COVID-19: You Should Be Washing Your Hands More, but Does That Go for Showering, Too?

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"Wash your hands for 20 seconds" has been one of the most common pieces of advice as COVID-19 continues to make its way into our daily lives. (Other great advice: "Wear a mask," "isolate yourself if you've been exposed," and "for the love of all things good and pure, get the vaccine if you're eligible"). Thanks to the Centers for Disease Control and Prevention (CDC), we know that tried-and-true hygiene standouts, soap and water, kill the virus—and, even as new variants emerge, this is still an important part of stopping it from spreading. But as we've all rushed to scrub our hands like surgeons over the last year and a half, the question remains: Should we be showering more often and more carefully, too?

Experts In This Article

According to pros, the answer is "not really." COVID-19 is a respiratory virus, which means it comes from your mouth and lungs, the biggest concern comes from the transfer of droplets—which are more likely to hang out on your hands than other parts of your body. Your hands are also how you'd bring those respiratory droplets into your body (by rubbing your eyes or touching your mouth). "If there's any area on your body that you tend to have respiratory droplets go onto other than your hands, you might want to focus on scrubbing that a little bit more, but other than that, there doesn't need to be a lot of focus on cleanliness and soaping," says Jason Tetro, a microbiologist and author of The Germ Files. "So, if you've got bare arms and are sneezing into your elbow, you might want to scrub your elbow. But you don't need to scrub the bottoms of your feet any more than you usually would."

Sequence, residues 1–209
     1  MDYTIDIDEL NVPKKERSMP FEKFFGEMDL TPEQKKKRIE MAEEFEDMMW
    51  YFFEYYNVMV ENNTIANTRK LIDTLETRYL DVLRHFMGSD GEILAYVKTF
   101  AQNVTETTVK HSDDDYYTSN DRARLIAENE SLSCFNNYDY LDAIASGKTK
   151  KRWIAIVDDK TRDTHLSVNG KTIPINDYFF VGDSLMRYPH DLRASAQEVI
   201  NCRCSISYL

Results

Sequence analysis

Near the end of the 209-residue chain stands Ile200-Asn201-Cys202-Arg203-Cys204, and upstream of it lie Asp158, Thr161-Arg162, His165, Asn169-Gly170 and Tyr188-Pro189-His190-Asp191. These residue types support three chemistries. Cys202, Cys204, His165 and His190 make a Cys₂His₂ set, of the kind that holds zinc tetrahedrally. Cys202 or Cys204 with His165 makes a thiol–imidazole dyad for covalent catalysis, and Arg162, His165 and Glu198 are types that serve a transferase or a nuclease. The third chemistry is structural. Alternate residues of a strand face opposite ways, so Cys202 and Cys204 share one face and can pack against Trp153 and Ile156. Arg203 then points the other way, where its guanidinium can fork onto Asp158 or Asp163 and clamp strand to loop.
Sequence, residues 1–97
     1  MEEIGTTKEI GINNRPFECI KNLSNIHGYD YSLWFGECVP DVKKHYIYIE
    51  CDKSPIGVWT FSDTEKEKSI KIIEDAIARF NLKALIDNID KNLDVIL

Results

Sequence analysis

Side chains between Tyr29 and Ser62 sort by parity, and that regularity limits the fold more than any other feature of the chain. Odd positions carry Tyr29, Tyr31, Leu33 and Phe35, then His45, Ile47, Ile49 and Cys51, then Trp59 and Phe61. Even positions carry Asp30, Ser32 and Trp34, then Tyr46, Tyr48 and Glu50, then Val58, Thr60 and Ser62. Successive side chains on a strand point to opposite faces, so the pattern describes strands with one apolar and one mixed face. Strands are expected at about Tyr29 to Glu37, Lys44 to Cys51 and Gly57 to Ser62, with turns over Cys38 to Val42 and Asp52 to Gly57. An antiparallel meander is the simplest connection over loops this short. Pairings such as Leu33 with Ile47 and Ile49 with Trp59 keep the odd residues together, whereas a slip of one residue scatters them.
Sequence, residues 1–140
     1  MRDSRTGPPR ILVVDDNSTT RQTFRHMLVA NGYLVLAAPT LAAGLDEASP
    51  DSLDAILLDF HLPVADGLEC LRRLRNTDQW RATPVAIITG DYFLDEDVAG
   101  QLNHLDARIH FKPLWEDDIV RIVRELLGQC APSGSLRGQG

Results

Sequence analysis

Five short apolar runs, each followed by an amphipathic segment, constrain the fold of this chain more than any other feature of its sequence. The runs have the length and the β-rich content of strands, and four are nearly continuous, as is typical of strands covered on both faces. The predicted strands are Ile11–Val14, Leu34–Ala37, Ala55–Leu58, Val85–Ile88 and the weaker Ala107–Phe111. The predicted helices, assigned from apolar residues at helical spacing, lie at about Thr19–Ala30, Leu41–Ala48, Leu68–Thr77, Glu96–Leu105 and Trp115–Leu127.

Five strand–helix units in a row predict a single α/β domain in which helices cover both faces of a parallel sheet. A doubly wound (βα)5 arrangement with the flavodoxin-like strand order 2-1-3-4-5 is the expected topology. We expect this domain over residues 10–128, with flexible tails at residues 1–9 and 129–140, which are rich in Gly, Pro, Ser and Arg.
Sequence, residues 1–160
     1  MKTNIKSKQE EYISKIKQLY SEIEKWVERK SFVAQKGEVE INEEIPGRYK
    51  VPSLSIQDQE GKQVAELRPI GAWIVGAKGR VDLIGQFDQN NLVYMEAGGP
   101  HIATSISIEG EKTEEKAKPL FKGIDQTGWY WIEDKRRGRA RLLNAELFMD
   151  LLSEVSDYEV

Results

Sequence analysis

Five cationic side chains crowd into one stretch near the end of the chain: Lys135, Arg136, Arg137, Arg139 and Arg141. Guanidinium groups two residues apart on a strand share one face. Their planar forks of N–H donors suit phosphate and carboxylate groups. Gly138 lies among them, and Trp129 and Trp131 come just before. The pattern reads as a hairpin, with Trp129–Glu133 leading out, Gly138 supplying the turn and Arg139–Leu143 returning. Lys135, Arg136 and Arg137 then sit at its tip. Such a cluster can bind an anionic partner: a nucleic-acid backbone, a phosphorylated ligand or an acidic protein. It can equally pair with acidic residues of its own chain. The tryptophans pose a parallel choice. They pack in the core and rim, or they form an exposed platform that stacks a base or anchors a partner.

As far as showering frequency, there isn't any evidence that you need to shower more often than you normally do. "We know that viruses can live in moist environments off of the skin for short periods of time," says board-certified dermatologist Joshua Zeichner, MD. But the primary mode of transmission is respiratory droplets, so you don't necessarily have to increase your daily showering routine—especially if you're hanging out alone these days. However, if you are concerned, there's no harm in paying close attention to your showering routine. Since the virus can be washed away with anything that has surfactant properties (aka anything that lathers), your usual soap, body wash, and shampoo should be totally fine for getting the job done.

As far as sharing shower tools and surfaces with other people in your household, there's very little reason to worry. While SARS-CoV-2 can live on surfaces, the CDC says that the risk of transmission is relatively low.  So you shouldn't worry too much about frantically cleaning shampoo bottles and other even soap. In other words, go ahead and treat yourself to a normal shower—and maybe even a DIY blowout, too. But don't skip out on handwashing, mask-wearing, and vaccinations—these are the most effective ways to reduce transmission.

Here are six common myths doctors want you to stop believing about COVID-19. Plus, how to treat those dry, cracked hands while you sleep.

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